Epilogue: Building Allegiances and Moving Forward
The chapters in this book have certainly resulted in a markedly different portrayal of education and technology than is usually the case with academic discussions on the topic. None of these chapters has concurred with the notion that educational technology is simply a matter of “harnessing” the “power” of largely neutral, benign technologies in ways that support and empower individual learners. Instead, as all the authors in this collection have shown, there is a lot more to education and technology than simplistic descriptions of “technology-enhanced learning” and “personalized learning networks” suggest. Indeed, the important point of contesting the commonsense language of technology and learning was ably critiqued in the chapters by Friesen and Williamson, and remained a recurring theme throughout other contributions. The plurality of interests, values, and agendas that have come to inhabit seemingly unassailable notions such as “twenty-first-century skills,” “e-safety,” and “one-to-one computing” was laid bare in the contributions from Shutkin and Hope. The chapters by Rudd and by Dessel, Ferrante, and Sefton-Green remind us of the influence of national politics and the ambitions of nation-states, while Selwyn also reflects the importance of interests operating above/below the level of the nation-state.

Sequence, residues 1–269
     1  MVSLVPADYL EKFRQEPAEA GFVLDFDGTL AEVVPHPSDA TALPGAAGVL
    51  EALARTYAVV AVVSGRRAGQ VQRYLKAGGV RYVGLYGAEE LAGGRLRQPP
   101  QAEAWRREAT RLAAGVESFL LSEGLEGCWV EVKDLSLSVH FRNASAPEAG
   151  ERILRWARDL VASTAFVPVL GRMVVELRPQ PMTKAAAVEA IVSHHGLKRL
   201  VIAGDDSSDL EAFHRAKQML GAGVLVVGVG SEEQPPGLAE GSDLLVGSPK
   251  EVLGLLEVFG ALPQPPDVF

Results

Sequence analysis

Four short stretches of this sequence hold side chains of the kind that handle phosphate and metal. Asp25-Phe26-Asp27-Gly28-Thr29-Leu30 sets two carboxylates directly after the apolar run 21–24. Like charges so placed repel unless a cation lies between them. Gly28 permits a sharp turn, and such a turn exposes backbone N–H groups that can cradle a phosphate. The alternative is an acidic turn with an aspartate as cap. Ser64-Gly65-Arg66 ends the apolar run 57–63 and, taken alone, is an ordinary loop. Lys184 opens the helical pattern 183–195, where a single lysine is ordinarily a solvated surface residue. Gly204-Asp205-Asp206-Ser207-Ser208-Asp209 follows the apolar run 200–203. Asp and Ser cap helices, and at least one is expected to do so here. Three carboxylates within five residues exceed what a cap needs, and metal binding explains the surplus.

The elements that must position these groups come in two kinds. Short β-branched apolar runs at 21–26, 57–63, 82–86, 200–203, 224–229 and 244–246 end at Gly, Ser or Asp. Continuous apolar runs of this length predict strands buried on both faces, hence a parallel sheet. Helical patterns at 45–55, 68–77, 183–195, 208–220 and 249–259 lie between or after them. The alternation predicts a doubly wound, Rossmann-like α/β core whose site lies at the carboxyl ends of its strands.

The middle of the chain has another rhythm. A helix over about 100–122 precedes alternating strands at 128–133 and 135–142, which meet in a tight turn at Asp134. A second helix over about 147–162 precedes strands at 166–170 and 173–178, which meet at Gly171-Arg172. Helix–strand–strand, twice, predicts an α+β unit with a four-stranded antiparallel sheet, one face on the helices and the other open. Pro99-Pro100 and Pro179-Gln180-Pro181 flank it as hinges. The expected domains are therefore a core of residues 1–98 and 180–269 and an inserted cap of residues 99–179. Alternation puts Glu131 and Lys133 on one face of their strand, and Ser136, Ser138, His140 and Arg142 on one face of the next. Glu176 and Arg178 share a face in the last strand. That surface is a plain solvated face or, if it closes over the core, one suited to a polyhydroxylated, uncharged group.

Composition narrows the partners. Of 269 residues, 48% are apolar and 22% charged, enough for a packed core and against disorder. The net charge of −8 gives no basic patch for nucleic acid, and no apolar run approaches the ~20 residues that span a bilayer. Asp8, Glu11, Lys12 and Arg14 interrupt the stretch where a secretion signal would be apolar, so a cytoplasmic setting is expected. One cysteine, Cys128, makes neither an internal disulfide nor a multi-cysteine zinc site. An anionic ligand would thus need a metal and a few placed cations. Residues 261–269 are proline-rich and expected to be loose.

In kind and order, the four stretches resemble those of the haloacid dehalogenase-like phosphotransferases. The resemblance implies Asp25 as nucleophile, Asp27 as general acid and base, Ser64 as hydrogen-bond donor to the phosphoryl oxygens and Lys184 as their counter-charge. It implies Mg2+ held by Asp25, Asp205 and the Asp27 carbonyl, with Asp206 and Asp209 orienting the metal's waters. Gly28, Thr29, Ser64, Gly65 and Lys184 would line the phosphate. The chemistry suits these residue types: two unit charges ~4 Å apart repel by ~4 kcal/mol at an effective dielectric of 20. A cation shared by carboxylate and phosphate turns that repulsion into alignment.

KeywordsEducational Technology Digital Technology Civil Society Group Humanity Research Council Exist Power Relation
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